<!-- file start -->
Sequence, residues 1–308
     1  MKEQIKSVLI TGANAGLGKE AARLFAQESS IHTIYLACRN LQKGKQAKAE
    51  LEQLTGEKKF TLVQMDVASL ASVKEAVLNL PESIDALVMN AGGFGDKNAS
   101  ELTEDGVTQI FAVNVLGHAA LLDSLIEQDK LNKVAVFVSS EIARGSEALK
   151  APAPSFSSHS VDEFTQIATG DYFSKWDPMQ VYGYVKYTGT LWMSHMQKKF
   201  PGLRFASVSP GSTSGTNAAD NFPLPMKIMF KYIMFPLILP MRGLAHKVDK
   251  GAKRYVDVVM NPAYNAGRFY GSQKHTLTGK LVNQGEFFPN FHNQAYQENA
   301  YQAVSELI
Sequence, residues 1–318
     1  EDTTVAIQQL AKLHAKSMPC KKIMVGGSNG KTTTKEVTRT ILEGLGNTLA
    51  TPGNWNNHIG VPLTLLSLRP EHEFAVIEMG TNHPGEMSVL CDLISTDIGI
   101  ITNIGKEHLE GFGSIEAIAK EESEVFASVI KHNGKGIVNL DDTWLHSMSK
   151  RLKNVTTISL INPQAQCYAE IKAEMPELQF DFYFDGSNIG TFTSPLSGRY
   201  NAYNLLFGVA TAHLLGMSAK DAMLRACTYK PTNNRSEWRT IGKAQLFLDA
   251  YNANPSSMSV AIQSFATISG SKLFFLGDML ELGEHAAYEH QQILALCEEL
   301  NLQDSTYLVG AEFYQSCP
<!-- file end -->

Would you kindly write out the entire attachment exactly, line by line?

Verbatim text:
Sequence, residues 1–308
     1  MKEQIKSVLI TGANAGLGKE AARLFAQESS IHTIYLACRN LQKGKQAKAE
    51  LEQLTGEKKF TLVQMDVASL ASVKEAVLNL PESIDALVMN AGGFGDKNAS
   101  ELTEDGVTQI FAVNVLGHAA LLDSLIEQDK LNKVAVFVSS EIARGSEALK
   151  APAPSFSSHS VDEFTQIATG DYFSKWDPMQ VYGYVKYTGT LWMSHMQKKF
   201  PGLRFASVSP GSTSGTNAAD NFPLPMKIMF KYIMFPLILP MRGLAHKVDK
   251  GAKRYVDVVM NPAYNAGRFY GSQKHTLTGK LVNQGEFFPN FHNQAYQENA
   301  YQAVSELI
Sequence, residues 1–318
     1  EDTTVAIQQL AKLHAKSMPC KKIMVGGSNG KTTTKEVTRT ILEGLGNTLA
    51  TPGNWNNHIG VPLTLLSLRP EHEFAVIEMG TNHPGEMSVL CDLISTDIGI
   101  ITNIGKEHLE GFGSIEAIAK EESEVFASVI KHNGKGIVNL DDTWLHSMSK
   151  RLKNVTTISL INPQAQCYAE IKAEMPELQF DFYFDGSNIG TFTSPLSGRY
   201  NAYNLLFGVA TAHLLGMSAK DAMLRACTYK PTNNRSEWRT IGKAQLFLDA
   251  YNANPSSMSV AIQSFATISG SKLFFLGDML ELGEHAAYEH QQILALCEEL
   301  NLQDSTYLVG AEFYQSCP